The Role of Women in Sir Gawain and the Green Knight

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Arkin, L., (1995) “The role of women in Sir Gawain and the Green Knight”. Retrieved July 19, 2008.

Main idea

The women in Sir Gawain and the Green Knight are the poet’s primary instruments to show the decline of Feudalism and chivalry in the 14th century.


Sir Gawain and the Green Knight emphasizes the conflict between spiritual love and courtly love, and the women in the poem are a metaphor for the contrast of these two distinct types of love. The Virgin Mary is the representative of spiritual love, obedience, chastity and life. In contrast, Morgan le Fay and Lady Bertilak are the epitome of courtly love, disobedience, lust and death.

In the poem, women are given great power: the Virgin Mary, when properly worshipped, gives Gawain his prowess; Morgan le Fay instigates the entire plot, wielding enough power and Lady Bertilak takes the role of hunter and aggressor in the scenes of the bedroom. She is a real temptress testing Gawain’s chastity and a real object of courtly love, testing his courtesy. She has the power to tease and coax him into sin.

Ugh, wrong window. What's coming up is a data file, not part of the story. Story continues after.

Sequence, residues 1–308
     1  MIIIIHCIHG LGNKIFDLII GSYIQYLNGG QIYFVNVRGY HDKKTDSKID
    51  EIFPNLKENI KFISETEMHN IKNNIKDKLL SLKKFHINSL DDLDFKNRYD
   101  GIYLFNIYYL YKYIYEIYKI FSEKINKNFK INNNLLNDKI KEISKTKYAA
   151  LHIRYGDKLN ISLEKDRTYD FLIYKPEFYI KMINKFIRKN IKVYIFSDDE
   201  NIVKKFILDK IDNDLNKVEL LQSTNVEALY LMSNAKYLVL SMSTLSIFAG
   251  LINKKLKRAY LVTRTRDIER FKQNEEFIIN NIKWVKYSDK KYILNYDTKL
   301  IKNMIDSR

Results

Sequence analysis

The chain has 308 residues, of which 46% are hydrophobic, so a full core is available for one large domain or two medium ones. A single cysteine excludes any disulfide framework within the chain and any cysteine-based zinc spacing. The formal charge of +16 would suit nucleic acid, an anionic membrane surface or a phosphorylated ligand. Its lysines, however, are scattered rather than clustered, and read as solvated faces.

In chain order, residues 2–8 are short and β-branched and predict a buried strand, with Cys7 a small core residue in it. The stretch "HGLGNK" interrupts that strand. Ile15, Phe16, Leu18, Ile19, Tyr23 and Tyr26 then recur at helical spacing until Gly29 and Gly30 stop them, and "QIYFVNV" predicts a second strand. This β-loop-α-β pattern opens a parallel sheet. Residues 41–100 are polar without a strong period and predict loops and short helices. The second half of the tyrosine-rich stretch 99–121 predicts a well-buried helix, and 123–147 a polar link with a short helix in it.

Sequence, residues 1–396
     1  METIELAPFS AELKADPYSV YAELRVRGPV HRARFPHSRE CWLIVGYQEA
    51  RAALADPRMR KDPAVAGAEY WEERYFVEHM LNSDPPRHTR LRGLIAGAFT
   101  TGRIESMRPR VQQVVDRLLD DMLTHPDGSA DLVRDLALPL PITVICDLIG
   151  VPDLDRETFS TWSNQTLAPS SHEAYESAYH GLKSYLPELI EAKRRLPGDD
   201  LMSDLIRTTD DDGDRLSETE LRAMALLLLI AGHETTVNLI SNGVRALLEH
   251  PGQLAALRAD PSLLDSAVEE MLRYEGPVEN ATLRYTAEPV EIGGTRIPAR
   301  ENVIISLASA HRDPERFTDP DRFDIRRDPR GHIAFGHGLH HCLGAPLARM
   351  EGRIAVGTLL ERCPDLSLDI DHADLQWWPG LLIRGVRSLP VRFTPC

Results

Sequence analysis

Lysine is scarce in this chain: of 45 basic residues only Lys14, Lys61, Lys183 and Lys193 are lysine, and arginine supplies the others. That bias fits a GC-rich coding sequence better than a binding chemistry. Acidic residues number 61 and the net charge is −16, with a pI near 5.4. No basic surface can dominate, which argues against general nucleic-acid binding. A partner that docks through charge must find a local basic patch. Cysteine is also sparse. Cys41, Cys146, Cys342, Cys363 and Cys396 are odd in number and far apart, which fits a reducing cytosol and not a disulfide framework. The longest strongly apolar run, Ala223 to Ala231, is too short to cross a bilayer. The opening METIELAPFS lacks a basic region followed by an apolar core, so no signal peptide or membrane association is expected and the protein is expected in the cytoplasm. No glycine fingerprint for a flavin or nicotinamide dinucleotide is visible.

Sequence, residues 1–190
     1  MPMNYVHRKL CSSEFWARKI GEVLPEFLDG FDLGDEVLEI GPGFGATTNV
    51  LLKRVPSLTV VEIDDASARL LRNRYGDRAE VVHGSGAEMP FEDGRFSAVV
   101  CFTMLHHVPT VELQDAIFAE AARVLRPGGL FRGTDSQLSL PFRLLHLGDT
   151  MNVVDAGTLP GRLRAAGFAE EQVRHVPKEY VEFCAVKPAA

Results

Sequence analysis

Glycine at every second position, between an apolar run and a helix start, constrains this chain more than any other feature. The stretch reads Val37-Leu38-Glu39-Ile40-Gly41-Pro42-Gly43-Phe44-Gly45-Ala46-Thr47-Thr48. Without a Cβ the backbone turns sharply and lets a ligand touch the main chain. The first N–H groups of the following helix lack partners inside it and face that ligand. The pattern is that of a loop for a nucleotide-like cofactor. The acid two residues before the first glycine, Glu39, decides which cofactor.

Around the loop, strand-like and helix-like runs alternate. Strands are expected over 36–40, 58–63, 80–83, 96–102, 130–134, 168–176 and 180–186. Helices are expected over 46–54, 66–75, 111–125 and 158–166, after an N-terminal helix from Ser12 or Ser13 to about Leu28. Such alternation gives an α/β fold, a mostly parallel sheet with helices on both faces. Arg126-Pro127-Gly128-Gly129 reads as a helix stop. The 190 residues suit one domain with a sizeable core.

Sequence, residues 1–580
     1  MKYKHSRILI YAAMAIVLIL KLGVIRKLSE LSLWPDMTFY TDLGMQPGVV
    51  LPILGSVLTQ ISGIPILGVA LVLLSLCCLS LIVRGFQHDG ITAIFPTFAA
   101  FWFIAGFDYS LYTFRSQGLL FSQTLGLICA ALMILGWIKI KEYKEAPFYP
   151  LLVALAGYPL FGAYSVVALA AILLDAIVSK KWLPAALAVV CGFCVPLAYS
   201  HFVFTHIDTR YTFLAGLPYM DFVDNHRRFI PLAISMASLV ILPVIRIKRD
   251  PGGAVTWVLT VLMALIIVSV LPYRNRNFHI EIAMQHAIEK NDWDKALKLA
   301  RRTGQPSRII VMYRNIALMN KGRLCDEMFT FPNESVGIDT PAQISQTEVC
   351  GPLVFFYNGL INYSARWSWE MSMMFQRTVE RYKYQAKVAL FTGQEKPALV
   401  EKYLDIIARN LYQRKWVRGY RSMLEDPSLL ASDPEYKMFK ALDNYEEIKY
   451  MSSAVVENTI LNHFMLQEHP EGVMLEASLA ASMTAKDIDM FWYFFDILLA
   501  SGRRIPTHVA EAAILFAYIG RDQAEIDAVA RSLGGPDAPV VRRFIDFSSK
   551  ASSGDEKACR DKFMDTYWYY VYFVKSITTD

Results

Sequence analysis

However, the poet never intends to present a world where women are powerful; rather, they stand for other antisocial forces and dangers outside the control of feudalism and chivalry.
The tests that Gawain undergoes and the moral trials that he has to endure become a metaphor for other problems facing the 14th century aristocracy and women and feminine symbols are the author’s devices in assembling blame for the end of the feudal economy and way of life.


Chivalry: the qualifications of knights as valour, courtesy, loyalty, the service of the church and the feudal system. Courtly love: the concept of ideal love, chaste but passionate, between a knight and a, usually married, lady.
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